Brazil Language

Brazil Language and Literature


From the beginning of colonization, Portuguese, the official language, was influenced by Tupi-Guaraní, a popular language born from the encounter between Jesuit missionaries and indigenous children (columin). The subsequent and copious African contributions and, from the century. XIX onwards, Italians, Germans, Japanese etc., without destroying the substantial “Portugueseness” of the Brazilian, softened his prosody even more (loss of s and r) and greatly enriched the lexicon, while the difference between spoken language and written language, enormous in the colonial centuries, gradually diminished, until it almost disappeared. Between 1931 and 1945, agreements between the Portuguese and Brazilian academies led to the orthographic unification; but total unification, although hoped for by various parts, is very difficult, given the variety of the ethnic mosaic (and the same extent) of Brazil.

Brazil Language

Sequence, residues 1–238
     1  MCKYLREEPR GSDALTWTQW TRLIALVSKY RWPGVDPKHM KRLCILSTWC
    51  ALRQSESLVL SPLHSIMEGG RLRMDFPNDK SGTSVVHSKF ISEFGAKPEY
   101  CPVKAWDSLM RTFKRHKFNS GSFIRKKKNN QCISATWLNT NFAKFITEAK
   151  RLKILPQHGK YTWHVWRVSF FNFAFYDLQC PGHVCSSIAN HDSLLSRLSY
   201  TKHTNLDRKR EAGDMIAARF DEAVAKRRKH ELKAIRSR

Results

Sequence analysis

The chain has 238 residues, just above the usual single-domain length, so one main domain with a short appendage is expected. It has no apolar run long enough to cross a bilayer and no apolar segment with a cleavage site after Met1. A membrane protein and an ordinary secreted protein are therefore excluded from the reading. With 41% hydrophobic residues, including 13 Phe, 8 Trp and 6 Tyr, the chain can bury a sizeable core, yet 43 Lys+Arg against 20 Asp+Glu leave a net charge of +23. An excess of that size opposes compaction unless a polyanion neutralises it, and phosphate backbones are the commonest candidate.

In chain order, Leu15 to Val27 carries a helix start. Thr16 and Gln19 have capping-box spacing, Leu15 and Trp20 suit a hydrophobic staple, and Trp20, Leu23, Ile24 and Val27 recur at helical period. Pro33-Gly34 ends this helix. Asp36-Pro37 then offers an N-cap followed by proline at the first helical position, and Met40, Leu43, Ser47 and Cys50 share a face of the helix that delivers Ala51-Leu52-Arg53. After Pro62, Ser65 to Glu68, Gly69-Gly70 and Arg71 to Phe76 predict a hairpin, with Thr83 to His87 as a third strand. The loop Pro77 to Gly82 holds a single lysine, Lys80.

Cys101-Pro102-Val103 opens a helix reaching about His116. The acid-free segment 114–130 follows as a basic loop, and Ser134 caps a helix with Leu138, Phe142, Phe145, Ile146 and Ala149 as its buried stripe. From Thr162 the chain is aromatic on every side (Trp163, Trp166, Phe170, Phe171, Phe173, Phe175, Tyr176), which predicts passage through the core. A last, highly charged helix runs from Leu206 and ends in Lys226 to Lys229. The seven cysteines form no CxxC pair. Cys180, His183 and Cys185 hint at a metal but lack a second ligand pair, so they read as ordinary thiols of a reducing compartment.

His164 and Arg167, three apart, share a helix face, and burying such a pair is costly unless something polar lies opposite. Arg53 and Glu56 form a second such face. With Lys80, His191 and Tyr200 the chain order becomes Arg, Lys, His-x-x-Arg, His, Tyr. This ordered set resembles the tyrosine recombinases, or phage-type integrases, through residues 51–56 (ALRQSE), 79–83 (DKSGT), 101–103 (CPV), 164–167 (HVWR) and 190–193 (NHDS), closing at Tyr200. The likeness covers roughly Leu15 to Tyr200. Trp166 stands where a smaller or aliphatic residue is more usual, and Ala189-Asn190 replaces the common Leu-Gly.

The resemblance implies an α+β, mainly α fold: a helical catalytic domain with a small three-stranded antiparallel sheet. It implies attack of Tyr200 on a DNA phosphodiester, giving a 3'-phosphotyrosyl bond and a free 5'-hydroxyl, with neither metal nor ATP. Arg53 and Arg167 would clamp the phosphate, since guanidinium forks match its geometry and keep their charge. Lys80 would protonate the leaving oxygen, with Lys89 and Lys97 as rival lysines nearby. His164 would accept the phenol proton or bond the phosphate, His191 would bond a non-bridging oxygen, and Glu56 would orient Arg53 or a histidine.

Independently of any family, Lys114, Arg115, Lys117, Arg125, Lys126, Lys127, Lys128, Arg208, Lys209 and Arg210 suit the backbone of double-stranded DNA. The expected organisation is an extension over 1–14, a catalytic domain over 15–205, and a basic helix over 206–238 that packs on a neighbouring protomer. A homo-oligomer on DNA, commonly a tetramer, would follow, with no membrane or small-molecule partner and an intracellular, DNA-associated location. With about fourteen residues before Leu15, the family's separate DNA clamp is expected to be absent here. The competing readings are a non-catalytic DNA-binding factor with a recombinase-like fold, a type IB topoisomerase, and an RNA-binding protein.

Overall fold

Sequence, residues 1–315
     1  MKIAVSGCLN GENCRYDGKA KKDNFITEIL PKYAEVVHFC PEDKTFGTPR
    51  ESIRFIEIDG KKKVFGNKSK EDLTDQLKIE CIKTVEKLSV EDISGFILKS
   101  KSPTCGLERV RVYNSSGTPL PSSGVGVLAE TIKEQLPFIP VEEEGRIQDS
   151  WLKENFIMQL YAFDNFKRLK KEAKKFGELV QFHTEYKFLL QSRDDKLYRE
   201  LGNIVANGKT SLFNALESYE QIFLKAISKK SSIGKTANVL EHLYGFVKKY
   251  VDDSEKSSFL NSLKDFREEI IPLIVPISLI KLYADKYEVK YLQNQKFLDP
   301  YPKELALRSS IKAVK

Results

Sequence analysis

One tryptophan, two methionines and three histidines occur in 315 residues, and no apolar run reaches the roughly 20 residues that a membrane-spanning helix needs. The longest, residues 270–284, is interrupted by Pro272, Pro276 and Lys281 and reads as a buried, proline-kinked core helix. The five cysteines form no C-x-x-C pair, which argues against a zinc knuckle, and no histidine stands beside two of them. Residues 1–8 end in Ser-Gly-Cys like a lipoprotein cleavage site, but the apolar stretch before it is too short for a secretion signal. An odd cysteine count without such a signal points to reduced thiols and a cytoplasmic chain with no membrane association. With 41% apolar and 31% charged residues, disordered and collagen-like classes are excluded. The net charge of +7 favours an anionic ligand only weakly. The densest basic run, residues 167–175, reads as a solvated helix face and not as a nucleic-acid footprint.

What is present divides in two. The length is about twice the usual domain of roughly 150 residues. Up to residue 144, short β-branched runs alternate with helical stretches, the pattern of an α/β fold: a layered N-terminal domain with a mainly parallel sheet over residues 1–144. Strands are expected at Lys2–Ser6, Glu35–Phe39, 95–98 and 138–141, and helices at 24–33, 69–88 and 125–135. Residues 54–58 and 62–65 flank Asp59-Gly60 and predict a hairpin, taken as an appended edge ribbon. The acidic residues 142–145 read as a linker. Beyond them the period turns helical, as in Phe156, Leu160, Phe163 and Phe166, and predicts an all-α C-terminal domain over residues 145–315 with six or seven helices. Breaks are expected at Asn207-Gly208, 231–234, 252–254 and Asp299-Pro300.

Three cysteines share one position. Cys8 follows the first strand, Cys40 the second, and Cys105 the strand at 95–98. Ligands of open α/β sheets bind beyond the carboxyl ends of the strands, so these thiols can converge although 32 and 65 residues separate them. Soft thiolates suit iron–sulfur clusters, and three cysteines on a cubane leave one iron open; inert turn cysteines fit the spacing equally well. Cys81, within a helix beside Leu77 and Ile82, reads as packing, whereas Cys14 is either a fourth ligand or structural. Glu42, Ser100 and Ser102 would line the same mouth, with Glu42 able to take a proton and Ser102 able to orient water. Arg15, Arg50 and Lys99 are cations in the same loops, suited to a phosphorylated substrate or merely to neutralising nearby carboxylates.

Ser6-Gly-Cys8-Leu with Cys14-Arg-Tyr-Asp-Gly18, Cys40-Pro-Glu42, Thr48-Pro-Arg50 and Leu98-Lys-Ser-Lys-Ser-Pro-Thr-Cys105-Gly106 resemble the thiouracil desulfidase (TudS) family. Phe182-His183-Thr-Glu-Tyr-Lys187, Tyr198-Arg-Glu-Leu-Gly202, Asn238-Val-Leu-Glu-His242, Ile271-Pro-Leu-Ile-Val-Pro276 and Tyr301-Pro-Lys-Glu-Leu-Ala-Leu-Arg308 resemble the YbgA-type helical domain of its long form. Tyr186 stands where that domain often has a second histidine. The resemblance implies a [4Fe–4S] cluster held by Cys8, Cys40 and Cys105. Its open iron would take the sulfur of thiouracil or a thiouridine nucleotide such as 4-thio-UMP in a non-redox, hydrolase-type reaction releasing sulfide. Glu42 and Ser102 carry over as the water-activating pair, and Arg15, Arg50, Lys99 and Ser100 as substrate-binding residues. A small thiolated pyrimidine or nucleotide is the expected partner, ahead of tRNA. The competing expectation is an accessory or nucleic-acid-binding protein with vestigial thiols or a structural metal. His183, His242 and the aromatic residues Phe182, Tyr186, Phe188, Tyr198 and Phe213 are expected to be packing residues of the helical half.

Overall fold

From the meeting of three fundamental sentiments, all of a religious nature, the first expressive motive of Brazilian literature seems to spring: the Amerindian sense of the sacred and the symbol, the African sense of Eros and nature, the Portuguese sense of individual and cosmic destiny. Linguistically, this literature has sustained a hard effort for centuries to adapt to the classical Lusitanian rules and models; but the Tupi-Guaraní terminology concerning nature has entered it massively, just as with time the African rhythmic influence has grown. At the origins of Brazilian literature are the poems of the missionary José de Anchieta (16th century), the satires of Gregório de Matos Guerra (17th century) and the texts of various chroniclers. In the sec. XVIII, especially in Minas Gerais, Arcadia spread, with lyric and epic poets of great stylistic interest, such as Basílio da Gama, Cláudio Manuel da Costa, Santa Rita Durão, Alvarenga Peixoto, Silva Alvarenga; Tomás Antônio Gonzaga, in Arcadia known as Dirceu, stands out above all, for novelty of themes and intimacy of the evocative and pathetic accent. The Arcadian movement can be said to be concluded with the Viola de Lereno by Domingos Caldas Barbosa (1740-1800), mestizo poet of refined neo-Latin culture. The European influence became even more vast and decisive after 1808, the date of the transfer of the Portuguese royal family to Brazil. In the sec. The dominant nineteenth century was the influence of European movements, starting with romanticism. According to internetsailors, the first Brazilian romantics were Domingos José Gonçalves de Magalhães, who had traveled extensively in Italy, and A. Gonçalves Dias. Prose playwright of obvious Shakespearean derivation (Leonor de Mendonça, Patkull), Gonçalves Dias built the epic of primitive indigenous peoples in Y-Juca-Pirama (in Guaraní “he who must die”) and in the lyrics he expressed a very delicate nostalgia for innocence, for the state of nature, not without Leopardian moments of cosmic shock. In the prose the fecund José de Alencár stood out, “ Indianist ”, that is, evocative of the primitive past, in historical novels in the manner of Walter Scott (O Guarany), but a follower of Balzac in those of a contemporary subject. In fiction, a first reaction to the sentimental colorism of the romantics is represented by Alfredo Escragnolle de Taunay with the novel Inocência and with A retirada da Laguna. Traditionalist in poetry is instead A. Pôrto Alegre, while Tobias Barreto is inspired by Hugo; sentimental is Casimiro de Abreu, Byronic Álvares de Azevedo, spontaneous singer of nature Fagundes Varela with his Vozes de América. Of all the romantics the most important is the poet Castro Alves, an ardent supporter of the abolition of slavery and a sincere democrat, but newer and more pungent in the poem of love. In an approximation of prose contributed to the everyday spoken Joaquim Manuel de Macedo with A Moreninha and especially Manuel Antônio de Almeida with its delightful Memórias de um silver de milícias. The decline of romanticism is marked by Joaquím Maria Machado de Assis, the greatest creative spirit of all Brazilian literature, a vigorous realist narrator, perfect stylist, playwright and critic of great value. The elegant and impersonal Parnassian opera began to flourish around him, with Alberto de Oliveira, Olavo Bilac and the more original Raimundo Corrêa. New anxieties and a musical extenuation of the verse brought the symbolists Alphonsus de Guimaraens, Hermes Fontes, Augusto dos Anjos and particularly the great black poet João da Cruz and Souza. Even the naturalism he had his moment in Brazil, with novels such as A carne by Júlio Ribeiro and O mulato by Aluísio Azevedo; but the best storytellers of the time continued the ironic and moralistic tradition of Machado de Assis: we remember Raul Pompéia, author of O Ateneu, and Alfonso Henriques de Lima Barreto, in whom the social theme acquires an unexpected prominence.